VIENNA (Reuters) - Iran and six world powers will try to make headway toward resolving their nuclear dispute in talks starting in Vienna on Tuesday, with Western officials hoping the uphill challenge will not be made even more difficult by the Ukraine crisis.
So far, diplomats say, there is little sign that the worst East-West confrontation since the Cold War will undermine the quest for a deal to end the long standoff over Iran’s atomic activity and avert the threat of a Middle East war.
But unity among the powers on Iran may be tested in the meeting of their chief negotiators on the issue in the Austrian capital Vienna, with the four Western states and Russia at loggerheads over the future of Ukraine.
One Western envoy said there had been no apparent spillover from the Ukraine situation on expert level talks between Iran and the powers - the United States, France, Germany, Britain, China and Russia - held two weeks ago.
“We hope that will continue to be the case,” the diplomat said. That was echoed by a senior U.S. official, who said on Friday: “We all hope that the incredibly difficult situation in Ukraine will not create issues for this (Iran) negotiation.”
Since then, the United States and European Union have imposed sanctions including asset freezes and travel bans on some senior Russian and Ukrainian officials after Crimea applied to join Russia on Monday following a secession referendum.
Russia is expected to be represented at the talks - which are likely to end late on Wednesday - by Deputy Foreign Minister Sergey Ryabkov. European Union foreign policy chief Catherine Ashton will lead the negotiations on behalf of the powers.
Despite a concerted push to end the decade-old nuclear dispute after a relative moderate, Hassan Rouhani, was elected president last year on a platform to end Iran’s international isolation, big power divisions have reared their head before.
Russia and China only reluctantly supported four rounds of U.N. sanctions against Iran over its nuclear program between 2006 and 2010, and condemned subsequent U.S. and European sanctions that targeted the country’s lifeline oil exports.
TALKS WILL GET “TOUGHER” NOW, IRAN SAYS
Iran has long denied accusations from Western powers and Israel that it has sought to develop the capability to produce atomic weapons under the cover of its declared civilian nuclear energy program.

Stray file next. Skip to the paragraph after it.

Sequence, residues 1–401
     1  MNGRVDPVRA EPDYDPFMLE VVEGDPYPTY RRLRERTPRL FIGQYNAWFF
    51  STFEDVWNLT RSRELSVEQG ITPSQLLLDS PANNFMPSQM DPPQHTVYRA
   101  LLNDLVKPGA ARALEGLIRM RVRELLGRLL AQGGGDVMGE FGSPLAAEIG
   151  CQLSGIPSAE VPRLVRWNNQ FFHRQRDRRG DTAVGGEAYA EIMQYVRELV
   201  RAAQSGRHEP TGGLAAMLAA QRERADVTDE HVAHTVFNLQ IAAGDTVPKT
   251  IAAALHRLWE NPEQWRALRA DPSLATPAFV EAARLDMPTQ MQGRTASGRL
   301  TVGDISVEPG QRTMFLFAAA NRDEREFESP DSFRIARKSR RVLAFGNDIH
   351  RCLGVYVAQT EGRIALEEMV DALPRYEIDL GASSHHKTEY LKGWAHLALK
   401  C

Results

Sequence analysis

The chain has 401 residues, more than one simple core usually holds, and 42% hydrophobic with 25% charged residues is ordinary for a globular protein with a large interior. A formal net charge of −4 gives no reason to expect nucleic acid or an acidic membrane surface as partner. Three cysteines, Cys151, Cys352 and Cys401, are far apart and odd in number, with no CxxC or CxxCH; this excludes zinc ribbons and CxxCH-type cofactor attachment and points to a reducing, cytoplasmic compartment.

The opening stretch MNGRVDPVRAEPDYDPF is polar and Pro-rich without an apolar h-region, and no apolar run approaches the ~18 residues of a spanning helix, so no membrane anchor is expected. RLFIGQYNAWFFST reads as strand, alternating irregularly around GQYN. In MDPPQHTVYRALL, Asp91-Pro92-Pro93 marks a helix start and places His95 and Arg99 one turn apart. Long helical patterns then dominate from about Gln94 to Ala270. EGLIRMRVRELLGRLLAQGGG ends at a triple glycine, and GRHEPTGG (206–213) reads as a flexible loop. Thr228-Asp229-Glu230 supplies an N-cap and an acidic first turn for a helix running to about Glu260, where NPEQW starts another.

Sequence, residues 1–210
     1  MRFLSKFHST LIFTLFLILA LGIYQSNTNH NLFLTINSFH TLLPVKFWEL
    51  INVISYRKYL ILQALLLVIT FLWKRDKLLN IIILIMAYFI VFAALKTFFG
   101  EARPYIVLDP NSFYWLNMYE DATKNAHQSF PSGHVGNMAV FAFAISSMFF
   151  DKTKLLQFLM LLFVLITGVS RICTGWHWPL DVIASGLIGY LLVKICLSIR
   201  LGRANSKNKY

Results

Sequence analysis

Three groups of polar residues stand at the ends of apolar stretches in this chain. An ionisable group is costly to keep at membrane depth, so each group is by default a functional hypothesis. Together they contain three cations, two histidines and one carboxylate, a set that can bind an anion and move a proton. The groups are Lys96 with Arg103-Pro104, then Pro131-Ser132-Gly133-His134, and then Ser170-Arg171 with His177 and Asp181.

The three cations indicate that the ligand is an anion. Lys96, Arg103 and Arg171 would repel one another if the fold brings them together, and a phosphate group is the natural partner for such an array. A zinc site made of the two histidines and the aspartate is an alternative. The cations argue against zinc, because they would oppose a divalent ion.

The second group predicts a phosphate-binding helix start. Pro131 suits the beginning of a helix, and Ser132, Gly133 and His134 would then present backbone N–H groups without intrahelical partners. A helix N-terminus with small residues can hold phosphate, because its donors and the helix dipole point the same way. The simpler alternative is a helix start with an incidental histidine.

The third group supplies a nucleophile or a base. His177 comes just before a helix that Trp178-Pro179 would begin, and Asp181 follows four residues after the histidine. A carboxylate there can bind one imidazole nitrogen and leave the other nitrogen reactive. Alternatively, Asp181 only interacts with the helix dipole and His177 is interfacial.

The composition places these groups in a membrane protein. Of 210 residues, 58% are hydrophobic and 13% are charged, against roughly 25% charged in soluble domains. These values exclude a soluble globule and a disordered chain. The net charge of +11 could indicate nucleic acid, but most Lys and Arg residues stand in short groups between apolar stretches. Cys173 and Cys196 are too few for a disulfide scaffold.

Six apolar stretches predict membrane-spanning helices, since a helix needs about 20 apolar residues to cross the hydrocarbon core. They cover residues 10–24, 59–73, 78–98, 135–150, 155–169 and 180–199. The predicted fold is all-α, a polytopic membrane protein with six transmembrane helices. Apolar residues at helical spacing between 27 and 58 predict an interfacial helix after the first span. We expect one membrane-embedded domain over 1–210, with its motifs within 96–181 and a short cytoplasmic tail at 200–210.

In November, Iran and the six powers struck an interim deal under which Tehran has since shelved higher-grade uranium enrichment - a potential path to atomic bombs - and obtained modest relief from punitive economic sanctions in return.
That six-month pact was designed to buy time for hammering out a final settlement by a July deadline, under which the West wants Iran to significantly scale back its nuclear program to deny it the capability to devise a nuclear weapon any time soon.
Iranian Foreign Minister Mohammad Javad Zarif, who will lead Tehran’s delegation, said he expects a trickier round of talks this week than the previous meeting in mid-February as the two sides try to iron out details such as Iran’s Arak heavy water reactor and levels of uranium enrichment.
Supreme Leader Ayatollah Ali Khamenei has granted the Iranian nuclear team “carte blanche” to provide guarantees to the West that the country’s nuclear program is peaceful, said a senior Iranian official who asked not to be named.
“But the red line is closure of any nuclear site and stopping enrichment,” the official said. “The talks are becoming more and more difficult because hardliners in Iran are watching any outcome very closely.” He was alluding to powerful conservatives in Iran’s security and clerical establishments deeply suspicious of Rouhani’s diplomatic opening to the West.
The senior U.S. administration official said: “We want to build on the work of our experts, narrow gaps, make tough policy decisions where there are sticking points.”
Refined uranium can fuel nuclear power plants, the stated goal of Iran’s nuclear activity, but can also provide fissile material for a bomb if enriched to a high degree, which the West fears may be Tehran’s ultimate, latent purpose.
Iran says Arak will produce medical isotopes but experts say it could also yield plutonium, another bomb ingredient.
The Islamic Republic has repeatedly ruled out closing down any of its nuclear plants. Its priority is to get sanctions that are squeezing its economy lifted.
Despite the diplomatic thaw, Iran has continued a longstanding effort to obtain components for its nuclear and missile programs banned by international sanctions, a senior U.S. official told Reuters.
A diplomat from one of the powers, who declined to be named, said it may be challenging to the keep the talks going in coming months without making specific decisions along the way, as nothing is to be agreed until everything is agreed.
The sides must overcome years of mutual and deep mistrust.
“There may be no progress for awhile but there may be surprises,” the diplomat said.
Additional reporting by Justyna Pawlak and Louis Charbonneau in Vienna, editing by Mark Heinrich